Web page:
Coming soon to a theatre near you: China's Communist Party.
From demanding changes in plot lines that denigrate the Chinese leadership, to dampening lurid depictions of sex and violence, Beijing is having increasing success in pressuring Hollywood into deleting movie content it finds objectionable.
It's even getting American studios to sanction alternative versions of films specially tailored for Chinese audiences, like Iron Man 3, which has debuted in theatres around the world. The Chinese version featured local heartthrob Fan Bingbing - absent from the version showing abroad - and lengthy clips of Chinese scenery that local audiences love.
There's no secret to what's driving Hollywood's China policy, which has burst on the scene with meteor-like intensity in the past year. Already the second-biggest box office in the world, China seemed set to surpass the US/Canada market by 2020 at the latest. And with traditional movie funding sources drying up, Hollywood studios increasingly see Beijing as a bankrolling destination of choice, with Chinese counterparts ponying up on glitzy co-productions, including Iron Man 3 and next year's Transformers 4, as well as films without a direct China connection.
"Movie attendance in the US is down because of global piracy and audience indifference," said Los Angeles-based film historian Leonard Maltin.
"So the explosion of the China market is a boon to the industry. I'm sure the studios are not excited about making the China-inspired changes, but they're in the business to make a buck and they're finding it hard to resist."
Published reports have pinpointed at least a half dozen recent films where Hollywood has given in on demands from Chinese censors to alter content for political or other reasons, ranging from the James Bond feature Skyfall - where unflattering references to the sex trade in the Chinese territory of Macau supposedly landed on the cutting room floor - to World War Z, starring Brad Pitt, in which the Chinese origin of a plague of apocalyptic zombies was said to have been excised.
And that doesn't take into account ostensible instances of self-censoring, like last year's remake of the 1984 film Red Dawn, where producers changed the nationality of bloodthirsty soldiers invading the United States from Chinese to North Korean, apparently to cater to their perception of Chinese political sensitivities.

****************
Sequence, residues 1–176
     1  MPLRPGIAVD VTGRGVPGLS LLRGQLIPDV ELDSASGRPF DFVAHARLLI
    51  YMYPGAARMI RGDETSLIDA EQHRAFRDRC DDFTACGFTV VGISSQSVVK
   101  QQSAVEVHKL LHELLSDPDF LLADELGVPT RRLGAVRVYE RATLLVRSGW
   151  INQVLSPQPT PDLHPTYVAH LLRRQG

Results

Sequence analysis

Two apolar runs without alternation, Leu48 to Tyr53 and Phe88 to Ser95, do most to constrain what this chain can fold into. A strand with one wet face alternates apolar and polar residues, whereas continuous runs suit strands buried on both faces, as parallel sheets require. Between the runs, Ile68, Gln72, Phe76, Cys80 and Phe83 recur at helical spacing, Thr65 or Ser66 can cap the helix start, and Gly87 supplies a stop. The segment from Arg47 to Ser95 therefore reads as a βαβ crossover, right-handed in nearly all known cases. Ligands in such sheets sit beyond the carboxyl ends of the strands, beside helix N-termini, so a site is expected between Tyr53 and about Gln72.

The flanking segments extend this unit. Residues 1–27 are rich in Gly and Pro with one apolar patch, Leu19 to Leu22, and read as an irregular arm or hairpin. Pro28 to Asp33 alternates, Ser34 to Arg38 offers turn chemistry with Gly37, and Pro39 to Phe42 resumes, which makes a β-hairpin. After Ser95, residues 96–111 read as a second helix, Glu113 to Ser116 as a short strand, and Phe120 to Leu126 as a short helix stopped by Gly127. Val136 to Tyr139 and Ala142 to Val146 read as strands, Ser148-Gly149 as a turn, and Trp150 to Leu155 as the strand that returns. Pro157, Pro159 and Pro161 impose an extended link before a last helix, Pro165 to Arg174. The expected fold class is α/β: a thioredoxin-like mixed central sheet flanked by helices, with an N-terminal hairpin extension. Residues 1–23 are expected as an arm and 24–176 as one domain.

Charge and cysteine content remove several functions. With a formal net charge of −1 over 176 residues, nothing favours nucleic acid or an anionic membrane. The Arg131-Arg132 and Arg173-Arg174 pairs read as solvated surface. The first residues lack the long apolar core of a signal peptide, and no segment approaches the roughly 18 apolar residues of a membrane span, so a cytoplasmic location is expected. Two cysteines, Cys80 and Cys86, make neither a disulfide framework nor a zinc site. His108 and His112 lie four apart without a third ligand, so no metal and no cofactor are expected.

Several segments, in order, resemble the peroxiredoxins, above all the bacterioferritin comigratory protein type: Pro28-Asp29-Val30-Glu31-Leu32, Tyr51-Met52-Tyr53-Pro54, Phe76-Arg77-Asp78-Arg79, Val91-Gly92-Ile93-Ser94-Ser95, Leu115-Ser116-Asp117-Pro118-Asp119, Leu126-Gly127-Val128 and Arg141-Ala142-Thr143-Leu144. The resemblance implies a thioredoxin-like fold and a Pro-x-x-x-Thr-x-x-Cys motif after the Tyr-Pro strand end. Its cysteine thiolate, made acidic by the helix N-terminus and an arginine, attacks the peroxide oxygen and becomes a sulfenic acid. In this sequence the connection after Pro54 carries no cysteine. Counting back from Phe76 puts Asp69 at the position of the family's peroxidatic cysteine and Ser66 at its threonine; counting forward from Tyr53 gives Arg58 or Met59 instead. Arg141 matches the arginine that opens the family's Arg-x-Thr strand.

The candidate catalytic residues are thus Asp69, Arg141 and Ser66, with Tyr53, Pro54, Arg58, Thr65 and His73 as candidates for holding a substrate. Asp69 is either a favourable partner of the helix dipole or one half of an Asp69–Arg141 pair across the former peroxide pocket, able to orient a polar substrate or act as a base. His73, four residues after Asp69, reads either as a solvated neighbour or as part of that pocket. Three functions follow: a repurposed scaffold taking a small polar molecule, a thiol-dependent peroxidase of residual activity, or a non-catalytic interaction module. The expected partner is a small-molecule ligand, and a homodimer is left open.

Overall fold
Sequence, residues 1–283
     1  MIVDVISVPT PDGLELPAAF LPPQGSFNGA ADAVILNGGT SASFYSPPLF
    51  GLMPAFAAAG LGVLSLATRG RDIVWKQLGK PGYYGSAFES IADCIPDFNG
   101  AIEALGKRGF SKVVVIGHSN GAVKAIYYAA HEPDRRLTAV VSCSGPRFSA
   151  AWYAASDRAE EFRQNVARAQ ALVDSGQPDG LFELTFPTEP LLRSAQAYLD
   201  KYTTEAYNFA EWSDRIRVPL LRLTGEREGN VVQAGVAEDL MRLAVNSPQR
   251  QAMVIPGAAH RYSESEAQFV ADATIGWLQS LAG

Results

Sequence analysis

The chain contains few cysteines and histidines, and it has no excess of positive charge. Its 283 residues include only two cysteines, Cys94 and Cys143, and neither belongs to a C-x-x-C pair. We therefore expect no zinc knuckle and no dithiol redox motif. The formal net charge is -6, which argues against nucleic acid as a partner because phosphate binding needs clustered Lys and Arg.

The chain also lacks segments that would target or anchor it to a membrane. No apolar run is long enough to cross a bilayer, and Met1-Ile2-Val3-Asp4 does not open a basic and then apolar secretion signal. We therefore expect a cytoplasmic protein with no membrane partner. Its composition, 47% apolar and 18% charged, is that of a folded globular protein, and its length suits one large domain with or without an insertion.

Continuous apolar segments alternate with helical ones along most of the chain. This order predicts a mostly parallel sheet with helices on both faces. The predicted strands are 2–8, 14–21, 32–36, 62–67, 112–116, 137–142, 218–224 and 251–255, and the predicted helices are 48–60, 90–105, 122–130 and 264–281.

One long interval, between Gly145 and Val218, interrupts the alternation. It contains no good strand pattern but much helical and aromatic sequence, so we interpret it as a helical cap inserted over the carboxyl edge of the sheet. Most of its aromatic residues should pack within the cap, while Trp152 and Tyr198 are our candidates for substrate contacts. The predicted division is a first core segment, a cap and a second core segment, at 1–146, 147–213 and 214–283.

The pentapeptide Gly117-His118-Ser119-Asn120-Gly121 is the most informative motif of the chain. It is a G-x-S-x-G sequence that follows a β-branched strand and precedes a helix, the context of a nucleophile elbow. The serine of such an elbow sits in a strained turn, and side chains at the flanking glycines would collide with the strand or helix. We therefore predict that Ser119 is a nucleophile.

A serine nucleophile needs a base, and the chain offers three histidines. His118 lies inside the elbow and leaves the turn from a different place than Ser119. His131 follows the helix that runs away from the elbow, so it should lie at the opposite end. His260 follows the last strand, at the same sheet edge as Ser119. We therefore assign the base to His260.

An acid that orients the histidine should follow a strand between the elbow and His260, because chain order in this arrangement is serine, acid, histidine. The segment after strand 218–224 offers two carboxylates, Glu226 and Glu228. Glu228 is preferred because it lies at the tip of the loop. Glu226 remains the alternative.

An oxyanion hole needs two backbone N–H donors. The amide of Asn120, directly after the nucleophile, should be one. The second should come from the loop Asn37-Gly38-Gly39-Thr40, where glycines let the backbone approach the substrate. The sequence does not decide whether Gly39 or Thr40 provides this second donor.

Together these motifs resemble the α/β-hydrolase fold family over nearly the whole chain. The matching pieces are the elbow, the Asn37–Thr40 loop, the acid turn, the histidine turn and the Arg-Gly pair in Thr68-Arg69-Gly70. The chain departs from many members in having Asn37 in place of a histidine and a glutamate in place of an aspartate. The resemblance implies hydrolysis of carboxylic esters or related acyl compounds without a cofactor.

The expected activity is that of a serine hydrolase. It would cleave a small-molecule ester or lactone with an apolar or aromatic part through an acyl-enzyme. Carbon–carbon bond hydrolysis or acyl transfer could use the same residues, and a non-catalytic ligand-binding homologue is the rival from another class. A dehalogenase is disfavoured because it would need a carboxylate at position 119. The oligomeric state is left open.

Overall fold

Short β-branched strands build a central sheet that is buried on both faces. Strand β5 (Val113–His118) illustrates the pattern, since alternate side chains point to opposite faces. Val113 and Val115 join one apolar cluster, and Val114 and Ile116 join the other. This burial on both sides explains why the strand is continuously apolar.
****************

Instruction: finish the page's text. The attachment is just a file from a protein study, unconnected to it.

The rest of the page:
The American film industry is extremely reluctant to discuss the China concessions Hollywood is making, and the industry's main lobbying group, the Motion Picture Association of America, tries to portray the practice in the best possible light.
"The adjustment of some of our films for different world markets is a commercial reality, and we recognise China's right to determine what content enters their country," said MPAA spokesman Howard Gantman in an email.
"Overall, our members make films for global audiences and audience's tastes and demands evolve and our members respond to those changes. But we also stand for maximum creative rights for artists."
China's economic and political clout is immense - successive years of GDP growth rates around 8-10 per cent have made its economy the second largest in the world - and the country's communist masters seem obsessed by the way Beijing is perceived abroad.
"There's no question that China is very sensitive to its image," said Stanley Rosen, an expert on the Chinese film industry, and director of the East Asian Studies Center at the University of Southern California in Los Angeles.
"And as it has become richer over the past several years it's been in a position to do something about it."
Rosen said the ultimate arbiter of what makes it onto the screen of China's 12,000 movie theatres is a board of 30 to 40 censors under Communist Party control, representing different constituencies in Chinese society - women, for example, or the military.
He said that while there were some indications the board was becoming slightly more liberal - last year's showing on Chinese television of the 2005 political adventure V for Vendetta was seen as a notable step forward - it remains beholding to sensitivities that makes its decisions sometimes hard to fathom.
That was underscored when Chinese theatres in April pulled Quentin Tarantino's Django Unchained at the last minute, despite widespread reports that Tarantino had bowed to censors' demands by dampening the film's violence. China said only that the film's screening had been halted for "technical reasons" without elaborating what that meant.
The censors have now given approval for the film to be released, with some nude scenes cut (the violence, apparently, was fine).
Nitin Govil, a specialist in Asian cinema at USC's School of Cinematic Arts, said instances like this were especially unnerving to the American film industry, because they underscored the problems of dealing with the seeming caprices of China's censorship bureaucracy.
"Hollywood really doesn't have a problem with Chinese censorship," he said.
"The problem it has is with Chinese unpredictability."
- AP with Fairfax Media